They say that “When in Rome, do as the Romans do.” So when we stayed with a friend in California who serves in the US Air Force, that meant firing a gun.
Our style of travel is all about doing what the locals do after all.
As an Australian I have a mixed relationship with guns. I know a lot about them and have fired a few in my time. But I love that my home country has a very, very low level of gun violence and in fact bans most people from having them, save for hunters, farmers, sporting shooters, collectors, the police and the army.
Let me say from the beginning I think that’s the right way, but lots of Americans would disagree.
American gun opinions
We met a very pro-gun American in Traverse City, Michigan who was shocked by the gun laws downunder and asked how we defended our families from criminals invading our homes. I just said my Dad keeps a hockey stick next to the front door and that was enough till the cops arrived.
What I should have said was the statistical improbability of that ever happening was comfort enough, and that fists, harsh language and a locked door are more than enough for most Aussies to defend themselves with. Plus our beagle is particularly vicious.
Oh, and the intruder is unlikely to have a gun because they’re hard to get hold of.
Shooting guns in America
But in America, the second amendment means instead of hockey sticks they can have weapons that I have only ever seen Arnie brandishing.
The world is often shocked by the astonishingly high level of gun deaths in America, a large amount of them suicide, but it seems having a gun is as American as apple pie and for many the right to bear arms is as celebrated as the flag.
So it was with some trepidation we agreed to go to a shooting range in Vacaville, California to see what it was all about. Carmen had never before pulled the trigger of a gun and she was as nervous as I have ever seen her.
I just wanted to shoot an M-16.
Inside the shooting range
When we walked into the shooting range store my jaw dropped.
It was a bloody armoury!
We could have taken over the city with the firepower hanging on the walls; though the armed citizenry would probably have repelled us eventually.
We nervously chose a pistol and a rifle from the arsenal – a .22 calibre Glock handgun and a .22 calibre M-16 pattern rifle – ‘baby guns’ we were told by the clerk. She then showed us how to load, aim and shoot each of the firearms. (They insist on calling them firearms, not weapons. Even semantics are a battleground when gun control is discussed.)
Then it was game time.
Shooting the guns
Our friend Aelisa led the way into the shooting range with her husband Liam. I know both of them from summer camp and it was great to be reunited with them.
Carmen was pretty jumpy, but then again so was I.
The booming reports from the guns being blasted on the range was deafening, even with our big Mickey Mouse ear protectors on. My heart was racing as we found our booths and starting loading the magazine with live bullets.
CHICK-CHACK! I pulled back the slide of the pistol, loaded a round into the chamber and aimed the sights at the head of the zombie Bin-Laden target I had chosen. When in Rome…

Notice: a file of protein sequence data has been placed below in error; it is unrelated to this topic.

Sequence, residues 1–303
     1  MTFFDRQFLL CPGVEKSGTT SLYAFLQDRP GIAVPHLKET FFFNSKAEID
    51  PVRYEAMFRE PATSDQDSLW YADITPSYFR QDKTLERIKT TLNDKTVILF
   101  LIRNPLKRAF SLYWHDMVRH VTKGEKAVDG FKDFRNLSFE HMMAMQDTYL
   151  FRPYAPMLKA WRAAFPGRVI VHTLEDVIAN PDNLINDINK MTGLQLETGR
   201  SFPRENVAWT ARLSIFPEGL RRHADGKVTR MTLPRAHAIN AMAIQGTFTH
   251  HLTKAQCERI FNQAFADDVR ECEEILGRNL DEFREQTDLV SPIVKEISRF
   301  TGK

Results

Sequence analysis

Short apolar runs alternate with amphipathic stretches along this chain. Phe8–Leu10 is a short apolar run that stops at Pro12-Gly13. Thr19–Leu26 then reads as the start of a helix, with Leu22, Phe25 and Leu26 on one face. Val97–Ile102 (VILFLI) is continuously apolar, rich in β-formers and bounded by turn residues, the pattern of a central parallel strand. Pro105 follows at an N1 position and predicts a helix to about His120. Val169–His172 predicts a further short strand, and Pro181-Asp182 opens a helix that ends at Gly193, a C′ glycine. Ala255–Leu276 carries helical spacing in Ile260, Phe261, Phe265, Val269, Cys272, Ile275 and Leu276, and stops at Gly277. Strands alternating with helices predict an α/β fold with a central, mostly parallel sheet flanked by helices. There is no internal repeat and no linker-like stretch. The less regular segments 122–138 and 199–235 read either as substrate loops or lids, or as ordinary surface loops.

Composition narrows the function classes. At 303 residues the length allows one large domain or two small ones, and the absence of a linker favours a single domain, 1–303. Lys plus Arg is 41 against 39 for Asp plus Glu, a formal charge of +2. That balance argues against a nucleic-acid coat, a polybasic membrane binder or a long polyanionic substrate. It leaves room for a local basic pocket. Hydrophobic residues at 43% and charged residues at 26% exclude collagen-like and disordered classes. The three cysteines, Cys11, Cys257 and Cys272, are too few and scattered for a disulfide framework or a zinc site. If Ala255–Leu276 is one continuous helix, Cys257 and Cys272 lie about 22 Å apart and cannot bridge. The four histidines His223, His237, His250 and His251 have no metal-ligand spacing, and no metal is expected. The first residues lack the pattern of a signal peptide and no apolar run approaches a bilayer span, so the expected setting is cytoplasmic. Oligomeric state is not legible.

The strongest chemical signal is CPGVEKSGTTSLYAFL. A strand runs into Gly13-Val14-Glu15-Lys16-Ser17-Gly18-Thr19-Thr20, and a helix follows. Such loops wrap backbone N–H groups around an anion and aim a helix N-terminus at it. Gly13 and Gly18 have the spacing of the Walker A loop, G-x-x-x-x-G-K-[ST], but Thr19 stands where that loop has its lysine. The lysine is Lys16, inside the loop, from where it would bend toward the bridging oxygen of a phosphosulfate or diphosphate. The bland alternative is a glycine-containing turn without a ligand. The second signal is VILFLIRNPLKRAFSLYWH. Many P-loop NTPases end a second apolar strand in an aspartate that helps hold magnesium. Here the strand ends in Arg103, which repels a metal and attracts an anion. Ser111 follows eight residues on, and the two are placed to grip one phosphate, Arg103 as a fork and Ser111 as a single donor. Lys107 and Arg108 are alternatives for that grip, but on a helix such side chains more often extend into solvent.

BANG! BANG! BANG! BANG! BANG! BANG! BANG!
10 rounds went down range and when I slapped the target retrieval button my zombie Bin-Laden was full of holes. Nice job. Now it was Carmen’s turn.
Carmen’s amazing gun skills
She picked up the pistol and gripped it like it was on fire.
Aelisa told her to relax and just aim it down range and squeeze the trigger. Nice and easy. She lifted the weapon, sorry firearm, up and aimed at her target.
‘I can’t do it!’ she said, and lowered the pistol. She tried to shoot it two more times but shied away. Then she aimed a final time and pulled the trigger.
Right in the centre mass.
Her next shot bulls eyed the red circle drawn on the target’s groin area.
Gulp! I married a warrior woman!
With the shooting floodgates now very open Carmen and I burned through two boxes of 50 rounds in around half an hour. We all took turns shooting the pistol and the rifle and had a great time.
When we came out of the shooting range we were buzzing.
It’s a real stress reliever and the intricacies of shooting accurately are very challenging. I can definitely see the attraction.
But I will never have one in my house or seek to own one.
Shocking statistics about shooting guns in America
I can see both sides of the argument over guns in America – on the one hand people want to stop the deaths and on the other people’s personal rights and freedoms are – apparently – at stake.
The solution is beyond me, but as a visitor to the USA it’s fascinating to experience the many different viewpoints and experience the gun culture first hand.
What shocked me most though was that the minimum age to shoot a gun at the gun range is 10.
Ten years old! This seems crazy.
You can shoot a gun before you are legal enough to drive a car. You have to wait 11 more years to drink in the US. Seems like they have their priorities a little screwed up.
I will fight any attempt to increase gun ownership in Australia – armed with a hockey stick of course – and with laws backed up by an effective police force and a majority of the citizenry who do not feel they need guns to defend themselves above and beyond the service of the armed forces.